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Figure 3. Breath by breath release of volatiles during eating of a strawberry. Actions: 3.) Strawberry in mouth, regular breathing, 4.) Chewing without crunching, regular breathing, 5.) Chewing, crunching, swallowing, regular breathing. Ions: m/z 59: acetone; m/z 99: hexenal; m/z 103: methylbutyrate; m/z 117: ethylbutyrate, butylacetate, m/z 131 isoamylacetate, ethylvalerate, isopropylbutyrate; m/z 143 furaneolmethylether, hexenylacetate; m/z 145 butylbutyrate, ethylcaproate, hexylacetate; RIC total ion current. Sensory impression from breath-to breath: 3) no flavor; 4) fruity; 5a) fruity; 5b) fruity, estery, fermented; 5c) estery, fermented, then green; 5d) green apple; 5e) fatty, metallic; 5f) metallic, woody, x-axis: number of spectra (2/sec)

(Reproduced with permission from reference 1. Copyright 1999 Deutsche Forschungsanstalt fuer Lebensmittelchemie.)

Flavor Release of Unstable Compounds from Crackers The identification of key flavor ingredients is important to understand the sensory flavor characteristics of food products. Analysis of these key components is sometimes a difficult hurdle to overcome: small traces are covered by larger

Roberts and Taylor; Flavor Release ACS Symposium Series; American Chemical Society: Washington, DC, 2000.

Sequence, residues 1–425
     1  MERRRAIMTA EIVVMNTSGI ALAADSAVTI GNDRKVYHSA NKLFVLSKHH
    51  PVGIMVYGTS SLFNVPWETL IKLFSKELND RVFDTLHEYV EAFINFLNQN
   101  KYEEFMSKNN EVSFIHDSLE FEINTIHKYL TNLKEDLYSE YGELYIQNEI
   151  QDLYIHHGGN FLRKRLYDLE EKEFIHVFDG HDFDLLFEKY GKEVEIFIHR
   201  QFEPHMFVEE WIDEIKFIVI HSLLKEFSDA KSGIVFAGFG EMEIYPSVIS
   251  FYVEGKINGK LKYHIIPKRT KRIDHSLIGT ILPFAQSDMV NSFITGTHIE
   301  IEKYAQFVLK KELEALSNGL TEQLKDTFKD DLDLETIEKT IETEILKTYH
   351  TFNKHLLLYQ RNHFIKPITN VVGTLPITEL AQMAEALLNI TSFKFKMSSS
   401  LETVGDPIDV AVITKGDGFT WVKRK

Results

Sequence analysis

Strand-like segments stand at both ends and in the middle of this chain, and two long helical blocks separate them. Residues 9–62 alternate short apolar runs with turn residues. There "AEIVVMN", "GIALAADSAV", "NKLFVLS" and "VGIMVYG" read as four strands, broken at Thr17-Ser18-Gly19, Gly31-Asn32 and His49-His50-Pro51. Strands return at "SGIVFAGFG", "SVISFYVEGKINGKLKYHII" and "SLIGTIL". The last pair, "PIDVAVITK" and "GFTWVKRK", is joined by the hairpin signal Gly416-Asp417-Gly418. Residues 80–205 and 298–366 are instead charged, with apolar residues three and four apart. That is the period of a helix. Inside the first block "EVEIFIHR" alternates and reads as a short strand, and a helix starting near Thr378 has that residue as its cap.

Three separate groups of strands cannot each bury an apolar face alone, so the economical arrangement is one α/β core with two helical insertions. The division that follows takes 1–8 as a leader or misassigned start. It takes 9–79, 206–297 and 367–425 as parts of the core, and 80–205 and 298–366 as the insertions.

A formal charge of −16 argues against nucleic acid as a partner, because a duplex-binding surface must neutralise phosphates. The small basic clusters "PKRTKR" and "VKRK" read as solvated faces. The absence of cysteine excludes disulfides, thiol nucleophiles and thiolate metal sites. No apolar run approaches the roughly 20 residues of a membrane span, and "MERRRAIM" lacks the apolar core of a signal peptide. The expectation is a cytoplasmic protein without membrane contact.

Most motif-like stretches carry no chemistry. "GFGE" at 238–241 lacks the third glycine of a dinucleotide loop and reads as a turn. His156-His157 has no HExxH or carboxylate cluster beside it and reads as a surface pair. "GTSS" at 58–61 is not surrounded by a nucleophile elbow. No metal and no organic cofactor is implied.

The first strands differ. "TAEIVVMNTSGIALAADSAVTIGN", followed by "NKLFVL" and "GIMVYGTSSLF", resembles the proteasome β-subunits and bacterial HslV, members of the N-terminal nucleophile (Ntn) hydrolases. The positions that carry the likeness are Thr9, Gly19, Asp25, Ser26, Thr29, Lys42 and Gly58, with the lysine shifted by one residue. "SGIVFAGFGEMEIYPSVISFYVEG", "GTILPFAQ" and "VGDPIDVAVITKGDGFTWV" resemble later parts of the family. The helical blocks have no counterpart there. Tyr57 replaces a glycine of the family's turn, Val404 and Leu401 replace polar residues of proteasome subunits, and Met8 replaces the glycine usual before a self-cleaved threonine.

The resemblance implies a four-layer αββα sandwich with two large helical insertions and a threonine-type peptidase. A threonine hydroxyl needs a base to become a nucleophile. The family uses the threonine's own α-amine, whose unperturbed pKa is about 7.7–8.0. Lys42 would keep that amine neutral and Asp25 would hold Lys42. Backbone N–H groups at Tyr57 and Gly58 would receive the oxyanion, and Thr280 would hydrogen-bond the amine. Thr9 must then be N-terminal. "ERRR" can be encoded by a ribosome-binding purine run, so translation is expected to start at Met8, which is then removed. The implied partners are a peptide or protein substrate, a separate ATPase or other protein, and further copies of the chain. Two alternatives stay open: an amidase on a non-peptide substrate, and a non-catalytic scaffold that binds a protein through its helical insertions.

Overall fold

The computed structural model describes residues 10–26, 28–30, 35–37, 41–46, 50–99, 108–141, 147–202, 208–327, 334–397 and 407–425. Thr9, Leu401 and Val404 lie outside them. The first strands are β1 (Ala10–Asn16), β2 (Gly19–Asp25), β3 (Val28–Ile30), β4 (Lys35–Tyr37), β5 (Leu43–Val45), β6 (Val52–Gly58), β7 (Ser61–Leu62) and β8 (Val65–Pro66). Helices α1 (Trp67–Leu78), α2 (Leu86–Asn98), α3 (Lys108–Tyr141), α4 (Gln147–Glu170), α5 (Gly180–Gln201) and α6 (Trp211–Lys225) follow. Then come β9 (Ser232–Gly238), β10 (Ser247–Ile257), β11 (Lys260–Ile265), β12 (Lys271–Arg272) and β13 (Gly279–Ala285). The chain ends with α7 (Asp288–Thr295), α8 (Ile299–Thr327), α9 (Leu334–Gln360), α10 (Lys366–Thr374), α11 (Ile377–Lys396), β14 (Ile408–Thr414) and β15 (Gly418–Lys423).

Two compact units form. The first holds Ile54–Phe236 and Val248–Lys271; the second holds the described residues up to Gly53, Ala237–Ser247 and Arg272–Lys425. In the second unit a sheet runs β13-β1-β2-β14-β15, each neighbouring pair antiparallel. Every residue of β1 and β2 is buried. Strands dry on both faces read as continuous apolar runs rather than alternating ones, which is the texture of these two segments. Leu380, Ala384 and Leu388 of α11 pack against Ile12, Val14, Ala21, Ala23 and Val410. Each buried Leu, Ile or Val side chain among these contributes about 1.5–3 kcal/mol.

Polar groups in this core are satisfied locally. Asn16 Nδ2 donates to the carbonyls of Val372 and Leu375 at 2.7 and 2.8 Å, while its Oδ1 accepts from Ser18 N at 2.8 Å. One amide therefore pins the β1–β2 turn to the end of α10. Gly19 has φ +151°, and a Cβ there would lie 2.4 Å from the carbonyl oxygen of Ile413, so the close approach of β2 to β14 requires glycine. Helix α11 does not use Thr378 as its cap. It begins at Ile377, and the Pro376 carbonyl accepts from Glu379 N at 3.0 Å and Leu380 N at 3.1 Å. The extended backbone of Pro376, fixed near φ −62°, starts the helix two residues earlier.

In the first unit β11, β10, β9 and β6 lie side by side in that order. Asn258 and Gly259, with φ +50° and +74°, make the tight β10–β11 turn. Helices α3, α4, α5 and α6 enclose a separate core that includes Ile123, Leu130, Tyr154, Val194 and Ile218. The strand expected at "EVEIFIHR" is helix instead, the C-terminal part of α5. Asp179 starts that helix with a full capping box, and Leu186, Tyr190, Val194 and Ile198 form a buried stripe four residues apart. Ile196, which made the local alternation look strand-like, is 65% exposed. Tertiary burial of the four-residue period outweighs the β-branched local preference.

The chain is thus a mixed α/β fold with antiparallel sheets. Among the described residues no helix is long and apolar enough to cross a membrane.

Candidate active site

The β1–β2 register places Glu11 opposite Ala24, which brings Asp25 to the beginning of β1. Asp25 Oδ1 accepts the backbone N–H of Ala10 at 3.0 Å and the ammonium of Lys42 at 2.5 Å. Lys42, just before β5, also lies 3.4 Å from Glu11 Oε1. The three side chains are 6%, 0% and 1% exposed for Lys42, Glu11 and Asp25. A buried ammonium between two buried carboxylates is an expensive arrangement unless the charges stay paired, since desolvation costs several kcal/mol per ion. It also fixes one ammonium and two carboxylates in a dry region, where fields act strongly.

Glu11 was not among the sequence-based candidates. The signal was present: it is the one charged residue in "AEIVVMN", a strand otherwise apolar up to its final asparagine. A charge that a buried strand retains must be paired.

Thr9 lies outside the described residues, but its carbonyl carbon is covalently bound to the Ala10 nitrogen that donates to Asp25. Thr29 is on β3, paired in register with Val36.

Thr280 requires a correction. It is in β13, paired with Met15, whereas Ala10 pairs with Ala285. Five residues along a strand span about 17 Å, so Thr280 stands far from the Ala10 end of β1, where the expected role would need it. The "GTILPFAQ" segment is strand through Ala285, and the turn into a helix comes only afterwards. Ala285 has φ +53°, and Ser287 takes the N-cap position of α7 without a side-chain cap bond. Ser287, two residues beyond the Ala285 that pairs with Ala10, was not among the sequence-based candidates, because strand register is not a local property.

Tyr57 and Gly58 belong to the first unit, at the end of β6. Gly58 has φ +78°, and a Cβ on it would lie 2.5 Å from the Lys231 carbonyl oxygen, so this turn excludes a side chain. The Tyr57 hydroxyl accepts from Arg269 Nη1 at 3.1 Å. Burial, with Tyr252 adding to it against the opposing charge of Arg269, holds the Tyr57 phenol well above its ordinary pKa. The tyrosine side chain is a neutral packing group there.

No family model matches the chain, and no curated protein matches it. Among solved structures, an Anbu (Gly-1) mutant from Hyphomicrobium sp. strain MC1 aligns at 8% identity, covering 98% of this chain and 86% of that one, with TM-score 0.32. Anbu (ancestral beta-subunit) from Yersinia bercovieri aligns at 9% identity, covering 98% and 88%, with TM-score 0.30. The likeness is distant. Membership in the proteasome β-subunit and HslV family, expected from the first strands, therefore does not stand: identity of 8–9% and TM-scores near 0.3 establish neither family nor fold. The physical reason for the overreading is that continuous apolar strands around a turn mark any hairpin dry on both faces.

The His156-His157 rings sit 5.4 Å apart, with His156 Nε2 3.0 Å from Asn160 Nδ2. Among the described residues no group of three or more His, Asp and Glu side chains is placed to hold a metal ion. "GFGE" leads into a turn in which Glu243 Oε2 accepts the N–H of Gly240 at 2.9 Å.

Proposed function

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components or unstable molecules with a high flavor impact are destroyed during isolation. Modern analytical tools (e.g. GC-MS), and careful isolation techniques (e.g. headspace, high vacuum distillation) combined with sensory evaluation (e.g. GC-sniffing) allow us to concentrate the analytical effort on the right molecules and to identify them. A normal analysis of the isolated flavor does not really represent the perceived flavor of a food. The selectivity of the extraction methods and instruments distort the real proportions. Careful calibration is necessary to get quantitative answers. The modern food and flavor industry is not only interested in the composition but also in the performance and release of the food flavors to imitate the properties of natural food with manufactured food. The flavor release from food is influenced by two different principles: a static distribution of the flavor into the different phases of a product: solid matrix, hydrophilic or lipophilic liquid phase and the gas phase. This behavior is controlled by the partition coefficients of the molecules. The second principle is a dynamic factor, controlled by the mass transfer through a matrix and interfaces. Both factors influence the perception of the food. During eating the flavor release is even more complicated due to chewing, grinding, wetting / dissolving the food with saliva. Breathing and swallowing strongly influence the perception of the released flavor. Measurement of the dynamic flavor release in very short periods is necessary to understand the sensory properties of food. In this project, we had to monitor the flavor release of flavored commercial crackers based on two different production technologies. During this work, we encountered an unknown ion in the A P C I - M S that could not be correlated with the results of the classical analysis.